By Elias Hazou and Iole Damaskinos
A rise in the cost of electricity is inevitable for Cyprus beginning in early February, due to the country’s reliance on electricity production from diesel, energy expert Charles Ellinas said.
Speaking on CyBC radio on Tuesday morning, Ellinas explained that the EU decision to ban imports of Russian oil products from December 5, will likely result in a shortage of diesel which will significantly drive up its price.
“It is very hard to import diesel from elsewhere,” Ellinas continued, “and diesel supply issues will affect us seriously.”
The cost of non-diesel petrol at the pump will also hit Cypriot drivers as, despite the EU’s recent $60/barrel price cap on Russian oil, the picture will change drastically once China re-enters the economy within the next months, Ellinas said.
Demand from China – the world’s biggest importer and consumer of oil – has been artificially low in recent years, due to its Covid response, Ellinas detailed. Once China’s economy is back in full swing, competition for fuel will drive up prices and it is already starting to do so.
Asked about the prospect of Cyprus having access to natural gas resources by 2023, and the possibility of gaining from the Ukraine war-imposed energy shortages and attendant price increases, Ellinas reiterated past statements that due to market insecurity, caused by the EU’s strategic goal of 40 per cent renewable energy by 2030, big producers are unwilling to risk the 20-year investment required for this to materialise.
The EU may need to revisit its 2030 goal for increased reliance on renewable energy, Ellinas added, since climate change is causing problems for the supply of wind and hydro power, with reduced winds and periods of drought disabling effective use of these technologies.
Hopes pinned on the latest high tech energy solutions to save the day, such as green hydrogen and fusion energy, are misplaced, as these energies will require a long time to perfect, upwards of ten years at their current rate of development, Ellinas said.
Meanwhile in an interview with the Cyprus News Agency, the expert also predicted the EU will likely face shortages in natural gas by next winter, following Monday’s agreement in Brussels to cap the price.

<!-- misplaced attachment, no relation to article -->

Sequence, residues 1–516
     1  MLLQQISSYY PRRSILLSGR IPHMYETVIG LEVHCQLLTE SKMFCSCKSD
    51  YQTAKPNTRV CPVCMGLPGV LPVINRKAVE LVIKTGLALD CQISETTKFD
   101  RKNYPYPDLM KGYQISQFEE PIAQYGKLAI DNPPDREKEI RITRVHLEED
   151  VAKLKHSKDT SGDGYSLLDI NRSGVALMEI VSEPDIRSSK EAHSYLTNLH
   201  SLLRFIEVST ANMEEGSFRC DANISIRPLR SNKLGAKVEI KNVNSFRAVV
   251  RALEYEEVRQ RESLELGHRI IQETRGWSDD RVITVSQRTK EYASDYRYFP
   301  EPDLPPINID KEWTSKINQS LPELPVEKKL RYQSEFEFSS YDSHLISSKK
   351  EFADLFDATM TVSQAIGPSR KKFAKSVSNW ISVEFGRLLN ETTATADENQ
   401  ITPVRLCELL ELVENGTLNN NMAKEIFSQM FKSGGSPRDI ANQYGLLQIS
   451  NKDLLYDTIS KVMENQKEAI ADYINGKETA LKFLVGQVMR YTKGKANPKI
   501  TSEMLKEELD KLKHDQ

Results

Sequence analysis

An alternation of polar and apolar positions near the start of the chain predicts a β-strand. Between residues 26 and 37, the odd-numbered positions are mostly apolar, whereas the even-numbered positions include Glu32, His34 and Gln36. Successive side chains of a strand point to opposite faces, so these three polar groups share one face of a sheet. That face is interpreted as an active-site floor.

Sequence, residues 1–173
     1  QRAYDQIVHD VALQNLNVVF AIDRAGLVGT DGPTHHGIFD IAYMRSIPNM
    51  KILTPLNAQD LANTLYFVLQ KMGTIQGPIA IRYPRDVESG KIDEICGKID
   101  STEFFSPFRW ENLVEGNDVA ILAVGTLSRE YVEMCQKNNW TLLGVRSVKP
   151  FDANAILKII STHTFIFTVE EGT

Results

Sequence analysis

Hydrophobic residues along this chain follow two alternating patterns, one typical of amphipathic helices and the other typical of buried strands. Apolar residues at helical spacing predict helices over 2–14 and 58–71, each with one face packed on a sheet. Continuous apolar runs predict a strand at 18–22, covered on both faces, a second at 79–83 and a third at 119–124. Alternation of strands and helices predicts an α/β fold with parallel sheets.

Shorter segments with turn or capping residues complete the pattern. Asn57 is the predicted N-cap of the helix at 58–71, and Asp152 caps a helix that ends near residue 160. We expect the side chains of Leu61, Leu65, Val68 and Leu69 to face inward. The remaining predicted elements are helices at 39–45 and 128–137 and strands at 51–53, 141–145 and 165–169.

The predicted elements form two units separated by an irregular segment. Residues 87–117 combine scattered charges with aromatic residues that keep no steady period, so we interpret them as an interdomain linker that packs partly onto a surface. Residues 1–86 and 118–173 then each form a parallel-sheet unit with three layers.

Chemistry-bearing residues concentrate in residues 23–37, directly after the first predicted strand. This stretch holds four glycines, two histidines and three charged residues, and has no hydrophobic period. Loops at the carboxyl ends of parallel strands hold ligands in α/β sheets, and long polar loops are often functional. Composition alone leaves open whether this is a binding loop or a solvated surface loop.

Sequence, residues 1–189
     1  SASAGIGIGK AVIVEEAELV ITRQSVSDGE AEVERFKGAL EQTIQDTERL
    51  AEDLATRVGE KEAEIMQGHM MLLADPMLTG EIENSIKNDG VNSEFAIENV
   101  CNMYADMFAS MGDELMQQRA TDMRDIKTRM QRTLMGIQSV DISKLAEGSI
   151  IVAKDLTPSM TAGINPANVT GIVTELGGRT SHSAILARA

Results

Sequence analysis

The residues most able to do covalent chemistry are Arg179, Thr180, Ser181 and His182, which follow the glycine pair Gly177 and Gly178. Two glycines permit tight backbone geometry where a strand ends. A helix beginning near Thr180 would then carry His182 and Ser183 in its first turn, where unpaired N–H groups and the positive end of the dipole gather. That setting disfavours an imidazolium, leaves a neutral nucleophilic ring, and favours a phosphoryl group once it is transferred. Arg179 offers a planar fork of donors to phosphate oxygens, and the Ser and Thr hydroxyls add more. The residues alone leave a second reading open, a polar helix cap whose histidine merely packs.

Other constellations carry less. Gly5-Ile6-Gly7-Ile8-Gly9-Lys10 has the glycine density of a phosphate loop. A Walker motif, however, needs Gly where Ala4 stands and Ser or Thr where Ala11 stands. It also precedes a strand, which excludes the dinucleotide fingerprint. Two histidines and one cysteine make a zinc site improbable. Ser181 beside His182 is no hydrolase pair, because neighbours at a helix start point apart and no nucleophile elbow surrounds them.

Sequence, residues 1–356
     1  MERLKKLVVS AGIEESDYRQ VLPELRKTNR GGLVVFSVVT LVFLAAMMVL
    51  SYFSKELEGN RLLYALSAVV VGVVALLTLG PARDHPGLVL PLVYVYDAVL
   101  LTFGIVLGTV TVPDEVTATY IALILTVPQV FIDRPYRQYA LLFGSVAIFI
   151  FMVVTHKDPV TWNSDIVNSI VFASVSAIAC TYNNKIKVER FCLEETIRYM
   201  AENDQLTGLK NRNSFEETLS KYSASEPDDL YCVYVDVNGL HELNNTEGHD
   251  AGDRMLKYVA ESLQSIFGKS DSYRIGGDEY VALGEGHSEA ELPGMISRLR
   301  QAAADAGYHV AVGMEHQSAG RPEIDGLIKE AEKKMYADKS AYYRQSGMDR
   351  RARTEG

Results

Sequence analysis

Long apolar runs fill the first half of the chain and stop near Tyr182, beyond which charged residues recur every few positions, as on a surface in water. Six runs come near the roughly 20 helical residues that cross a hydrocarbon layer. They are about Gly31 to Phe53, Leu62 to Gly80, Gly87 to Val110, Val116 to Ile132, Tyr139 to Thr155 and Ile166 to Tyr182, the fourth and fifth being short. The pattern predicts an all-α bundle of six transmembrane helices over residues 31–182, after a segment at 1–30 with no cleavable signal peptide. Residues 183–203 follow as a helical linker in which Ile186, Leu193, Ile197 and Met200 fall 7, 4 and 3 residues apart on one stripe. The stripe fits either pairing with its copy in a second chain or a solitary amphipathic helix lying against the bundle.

EU energy ministers agreed to trigger a cap if prices exceed €180 per megawatt hour for three days on the Dutch Title Transfer Facility (TTF) gas hub’s front-month contract, which serves as the European benchmark.
The TTF price must also be €35 per megawatt-hour higher than a reference price based on existing liquefied natural gas (LNG) price assessments for three days.
The cap can be triggered starting from February 15, 2023. The deal will be formally approved by countries in writing, after which it can enter into force.
Once triggered, trades would not be permitted on the front-month, three-month and front-year TTF contracts at a price more than €35 per megawatt-hour above the reference LNG price.
This effectively caps the price at which gas can be traded, while allowing the capped level to fluctuate alongside global LNG prices – a system designed to ensure EU countries can still bid at competitive prices for gas in from global markets.
But in Ellinas’ view, this could lead to a dearth in suppliers.
“I don’t think it [the price cap] will be effective,” he added, noting that price ceilings distort the market mechanism.
“European countries, the politicians, felt the need to do something, and they believe they have. But in reality they’ve done nothing.”
The expert explained that the cap applies only in markets served through trading hubs like the TTF, but does not apply to private trades.
Currently contracts negotiated through the TTF go for around €102 per megawatt-hour. Ellinas anticipated prices would gradually rise beyond the €180 cap.
At the moment prices are low because storage facilities in Europe are filled with natural gas. But reserves will start depleting this winter as the weather gets colder and demand rises.
“I expect that prices will climb to over €180 at the end of next year when winter comes around, as storage facilities in Europe will become empty and need refilling, the difference being that next year they won’t have access to large quantities of Russian natural gas, making it harder to fill up with the more expensive gas and thus driving prices up.”
The problem, went on Ellinas, is that should gas prices go beyond €180 then Asian countries – China, Japan, South Korea – will be willing to pay market rates.
“So Europe may end up in a situation where it needs natural gas but won’t find any because of the price cap.”
That’s why EU energy ministers inserted safeguards, such as that the cap will be suspended if the EU faces a gas supply shortage, or if the cap causes a drop in TTF trading, a jump in gas use or a significant increase in gas market participants’ margin calls.
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